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Best map ever made

of universe's oldest light: Planck mission

brings universe into sharp focus
The cosmic microwave background

March 21, 2013
NASA/Jet Propulsion Laboratory
The Planck space mission has released the most accurate and detailed map ever made of the oldest light in the
universe, revealing new information about its age, contents and origins.

Best Map Ever of the Universe: This map shows the oldest light in our universe, as detected with the
greatest precision yet by the Planck mission. The ancient light, called the cosmic microwave background,
was imprinted on the sky when the universe was 370,000 years old.
Credit: ESA and the Planck Collaboration
The Planck space mission has released the most accurate and detailed map ever made of the oldest light
in the universe, revealing new information about its age, contents and origins.
Planck is a European Space Agency mission. NASA contributed mission-enabling technology for both of
Planck's science instruments, and U.S., European and Canadian scientists work together to analyze the
Planck data.
The map results suggest the universe is expanding more slowly than scientists thought, and is 13.8 billion
years old, 100 million years older than previous estimates. The data also show there is less dark energy
and more matter, both normal and dark matter, in the universe than previously known. Dark matter is an
invisible substance that can only be seen through the effects of its gravity, while dark energy is pushing
our universe apart. The nature of both remains mysterious.
"Astronomers worldwide have been on the edge of their seats waiting for this map," said Joan Centrella,
Planck program scientist at NASA Headquarters in Washington. "These measurements are profoundly
important to many areas of science, as well as future space missions. We are so pleased to have worked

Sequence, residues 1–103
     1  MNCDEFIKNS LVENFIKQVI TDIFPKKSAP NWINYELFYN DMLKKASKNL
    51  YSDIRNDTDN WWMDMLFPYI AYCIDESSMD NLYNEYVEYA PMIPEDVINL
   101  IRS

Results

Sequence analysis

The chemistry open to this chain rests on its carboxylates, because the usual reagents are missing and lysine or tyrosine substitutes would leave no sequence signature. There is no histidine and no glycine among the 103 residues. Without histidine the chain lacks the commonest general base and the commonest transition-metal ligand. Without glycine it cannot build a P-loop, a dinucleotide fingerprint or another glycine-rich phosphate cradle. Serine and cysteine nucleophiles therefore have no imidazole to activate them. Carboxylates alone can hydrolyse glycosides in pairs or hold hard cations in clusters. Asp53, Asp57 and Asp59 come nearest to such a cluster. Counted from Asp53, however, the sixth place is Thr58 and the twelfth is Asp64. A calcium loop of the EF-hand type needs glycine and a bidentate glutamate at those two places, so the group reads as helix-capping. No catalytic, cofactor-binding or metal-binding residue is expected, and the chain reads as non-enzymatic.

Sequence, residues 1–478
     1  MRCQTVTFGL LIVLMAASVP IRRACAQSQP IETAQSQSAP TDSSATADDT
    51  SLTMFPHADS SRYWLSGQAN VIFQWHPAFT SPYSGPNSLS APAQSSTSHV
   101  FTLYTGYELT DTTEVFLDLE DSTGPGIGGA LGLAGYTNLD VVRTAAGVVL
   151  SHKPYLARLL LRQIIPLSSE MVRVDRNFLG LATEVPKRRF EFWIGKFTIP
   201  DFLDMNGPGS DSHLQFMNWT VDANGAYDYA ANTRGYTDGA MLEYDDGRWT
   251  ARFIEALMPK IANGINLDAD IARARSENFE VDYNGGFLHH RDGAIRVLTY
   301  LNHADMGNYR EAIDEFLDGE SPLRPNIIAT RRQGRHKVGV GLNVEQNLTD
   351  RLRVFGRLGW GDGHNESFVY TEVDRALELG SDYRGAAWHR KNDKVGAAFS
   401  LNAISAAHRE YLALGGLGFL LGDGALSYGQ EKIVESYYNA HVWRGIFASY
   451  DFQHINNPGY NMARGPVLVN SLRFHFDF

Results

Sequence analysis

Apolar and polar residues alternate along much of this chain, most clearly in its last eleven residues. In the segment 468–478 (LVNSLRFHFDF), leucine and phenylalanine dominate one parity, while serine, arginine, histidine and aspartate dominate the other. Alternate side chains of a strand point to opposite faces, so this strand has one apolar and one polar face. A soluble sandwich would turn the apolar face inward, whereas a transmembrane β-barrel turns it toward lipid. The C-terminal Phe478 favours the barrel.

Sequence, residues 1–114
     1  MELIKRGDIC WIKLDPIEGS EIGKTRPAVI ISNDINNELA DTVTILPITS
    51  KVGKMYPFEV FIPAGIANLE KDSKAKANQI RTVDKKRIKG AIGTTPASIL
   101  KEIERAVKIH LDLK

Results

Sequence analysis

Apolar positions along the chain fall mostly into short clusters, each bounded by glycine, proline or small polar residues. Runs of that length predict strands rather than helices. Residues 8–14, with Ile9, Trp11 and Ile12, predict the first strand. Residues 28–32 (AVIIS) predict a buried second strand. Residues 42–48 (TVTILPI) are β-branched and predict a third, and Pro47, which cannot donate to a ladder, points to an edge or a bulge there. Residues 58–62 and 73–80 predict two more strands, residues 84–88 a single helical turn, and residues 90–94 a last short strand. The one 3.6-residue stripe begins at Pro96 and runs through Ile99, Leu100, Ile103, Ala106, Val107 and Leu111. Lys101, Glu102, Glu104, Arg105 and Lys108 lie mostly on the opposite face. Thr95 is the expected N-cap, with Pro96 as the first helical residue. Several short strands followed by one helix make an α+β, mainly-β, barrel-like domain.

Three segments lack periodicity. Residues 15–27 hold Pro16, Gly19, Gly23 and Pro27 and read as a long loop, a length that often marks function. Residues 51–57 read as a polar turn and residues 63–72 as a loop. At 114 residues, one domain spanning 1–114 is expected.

with the European Space Agency on such a historic endeavor."
The map, based on the mission's first 15.5 months of all-sky observations, reveals tiny temperature
fluctuations in the cosmic microwave background, ancient light that has traveled for billions of years from
the very early universe to reach us. The patterns of light represent the seeds of galaxies and clusters of
galaxies we see around us today.
"As that ancient light travels to us, matter acts like an obstacle course getting in its way and changing the
patterns slightly," said Charles Lawrence, the U.S. project scientist for Planck at NASA's Jet Propulsion
Laboratory in Pasadena, Calif. "The Planck map reveals not only the very young universe, but also
matter, including dark matter, everywhere in the universe."
The age, contents and other fundamental traits of our universe are described in a simple model
developed by scientists, called the standard model of cosmology. These new data have allowed scientists
to test and improve the accuracy of this model with the greatest precision yet. At the same time, some
curious features are observed that don't quite fit with the simple picture. For example, the model assumes
the sky is the same everywhere, but the light patterns are asymmetrical on two halves of the sky, and
there is a spot extending over a patch of sky that is larger than expected.
"On one hand, we have a simple model that fits our observations extremely well, but on the other hand,